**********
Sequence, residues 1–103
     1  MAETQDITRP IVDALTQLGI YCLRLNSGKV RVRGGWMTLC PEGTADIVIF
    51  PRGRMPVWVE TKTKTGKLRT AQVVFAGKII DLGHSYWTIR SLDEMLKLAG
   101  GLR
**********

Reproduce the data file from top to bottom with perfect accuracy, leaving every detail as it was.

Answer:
Sequence, residues 1–103
     1  MAETQDITRP IVDALTQLGI YCLRLNSGKV RVRGGWMTLC PEGTADIVIF
    51  PRGRMPVWVE TKTKTGKLRT AQVVFAGKII DLGHSYWTIR SLDEMLKLAG
   101  GLR